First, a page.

Our destination that day was Schoonmaker’s department store, next to the barbershop. When we emerged back on the sidewalk, he was carrying a box that contained a white dotted-swiss dress. It had a Peter Pan collar and fell straight to its hem from a smocked yoke.
Uncle Elwood had written a poem for me to recite at the Easter service in the church where he preached. Now I would have something new to wear, something in which I could stand before the congregation and speak his words. I loved him, and I loved the dotted-swiss dress.
Years later, when I read through the few letters and notes my father had written to Uncle Elwood, and which he had saved, I realized how Daddy had played the coquette in his apologies for his remissness in supporting me. His excuses were made with a kind of fraudulent heartiness, as though he were boasting, not confessing. His handwriting, though, was beautiful, an orderly flight of birds across the yellowing pages.
Uncle Elwood made parish visits most Sundays in Washingtonville, at that time still small enough to be called a village, in Orange County, New York, seventeen miles from Balmville, where most members of his congregation lived. The church where he preached was in Blooming Grove, a hamlet a mile or so southwest of Washingtonville, on a high ridge above a narrow country lane, and so towering—it appeared to me—it could have been a massive white ship anchored there, except for its stee- ple, which rose toward the heavens like prayerful hands, palms pressed together.
Behind it stood an empty manse and, farther away, a small cemetery. To the right of the church portal was a partly collapsed stable with dark cobwebbed stalls, one of which was still used by a single parishioner, ancient bearded Mr. Howell, who drove his buckboard and horse up the gravel-covered road that led to the church. He always arrived a minute or two before Sunday service began, dressed in a threadbare black overcoat in all seasons of the year, its collar held tight to his throat by a big safety pin. He seemed to me that rock of ages we sang about in the hymn.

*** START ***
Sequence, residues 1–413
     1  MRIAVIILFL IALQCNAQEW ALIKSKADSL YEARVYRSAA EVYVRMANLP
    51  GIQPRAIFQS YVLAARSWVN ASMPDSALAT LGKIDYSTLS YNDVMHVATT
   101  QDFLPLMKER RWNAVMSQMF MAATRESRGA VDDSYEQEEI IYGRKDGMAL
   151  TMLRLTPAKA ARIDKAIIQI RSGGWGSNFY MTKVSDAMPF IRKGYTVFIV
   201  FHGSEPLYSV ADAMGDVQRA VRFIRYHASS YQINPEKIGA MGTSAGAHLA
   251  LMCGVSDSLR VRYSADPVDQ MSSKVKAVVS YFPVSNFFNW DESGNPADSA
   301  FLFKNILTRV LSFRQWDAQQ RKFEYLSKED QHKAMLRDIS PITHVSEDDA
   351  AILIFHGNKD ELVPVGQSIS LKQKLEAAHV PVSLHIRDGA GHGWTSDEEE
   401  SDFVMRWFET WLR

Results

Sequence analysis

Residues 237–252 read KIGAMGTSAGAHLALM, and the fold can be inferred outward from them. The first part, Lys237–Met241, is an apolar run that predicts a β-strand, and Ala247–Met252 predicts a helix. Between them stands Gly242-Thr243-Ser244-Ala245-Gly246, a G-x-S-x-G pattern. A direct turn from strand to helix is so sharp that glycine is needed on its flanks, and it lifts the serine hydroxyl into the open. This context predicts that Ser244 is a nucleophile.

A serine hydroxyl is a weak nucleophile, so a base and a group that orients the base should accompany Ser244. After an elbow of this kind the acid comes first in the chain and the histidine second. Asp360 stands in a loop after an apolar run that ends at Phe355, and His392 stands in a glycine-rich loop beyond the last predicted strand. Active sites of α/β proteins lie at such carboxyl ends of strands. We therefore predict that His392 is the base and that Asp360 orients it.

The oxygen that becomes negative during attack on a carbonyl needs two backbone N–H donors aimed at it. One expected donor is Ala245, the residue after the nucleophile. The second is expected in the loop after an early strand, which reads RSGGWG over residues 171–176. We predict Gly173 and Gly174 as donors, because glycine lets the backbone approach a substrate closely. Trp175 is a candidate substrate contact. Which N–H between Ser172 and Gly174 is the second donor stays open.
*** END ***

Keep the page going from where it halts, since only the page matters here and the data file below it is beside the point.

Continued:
After the service, we sometimes called upon two women, an elderly woman and her unmarried daughter, who looked as old as her mother, both in the church choir, whose thin soprano quavers continued long past the moment when other choir members had ceased to sing and had resumed their seats. They appeared not to notice that they were the only people still standing in the choir stall.
They lived in a narrow wooden two-story house that resembled most of the other houses in Washingtonville. They would give us Sunday dinner in a back room that ran the width of the house and could accommodate a table large enough for the four of us. It was a distance from the kitchen, where they usually ate their meals, and there was much to-ing and fro-ing as they brought dishes and took them away, adding, it felt to me, years of waiting to the minutes when we actually ate. Summer heat bore down on that back room. It was stifling, hot as burning kin- dling under the noonday sun. Everything flashed and glittered— cutlery, water glasses, window panes—and drained the food of color.
When we visited Emma Board and her family in another part of the village, I felt a kind of happiness and, at the same time, an apprehension—like that of a traveler who returns to a country where she has endured inexplicable suffering.
I had arrived at the Boards’ house when I was two months old, brought there by Katherine, the eldest of four Board children. She had taken me to Virginia on her brief honeymoon with Russell, her new husband. When they returned, her mother was sufficiently recovered from Spanish influenza to take care of an infant.
I heard the tale decades later from Brewster, one of Katherine’s two brothers, who had lived in New York City with Leopold, one of my mother’s four brothers. I had been left in a Manhattan foundling home a few days after my birth by my reluctant father, and by Elsie, my mother, panic-stricken and ungovernable in her haste to have done with me.